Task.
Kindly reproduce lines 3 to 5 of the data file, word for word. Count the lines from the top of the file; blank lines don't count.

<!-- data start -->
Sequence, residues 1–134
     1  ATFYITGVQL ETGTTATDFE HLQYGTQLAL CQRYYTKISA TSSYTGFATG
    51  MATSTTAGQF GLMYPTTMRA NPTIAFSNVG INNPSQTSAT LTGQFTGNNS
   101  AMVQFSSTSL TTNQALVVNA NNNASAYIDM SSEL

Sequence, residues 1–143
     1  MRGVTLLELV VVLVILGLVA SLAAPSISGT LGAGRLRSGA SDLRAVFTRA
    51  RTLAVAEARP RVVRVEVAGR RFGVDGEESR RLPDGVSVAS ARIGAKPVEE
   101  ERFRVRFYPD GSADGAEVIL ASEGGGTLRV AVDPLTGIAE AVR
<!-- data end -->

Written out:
    51  MATSTTAGQF GLMYPTTMRA NPTIAFSNVG INNPSQTSAT LTGQFTGNNS
   101  AMVQFSSTSL TTNQALVVNA NNNASAYIDM SSEL

Sequence, residues 1–143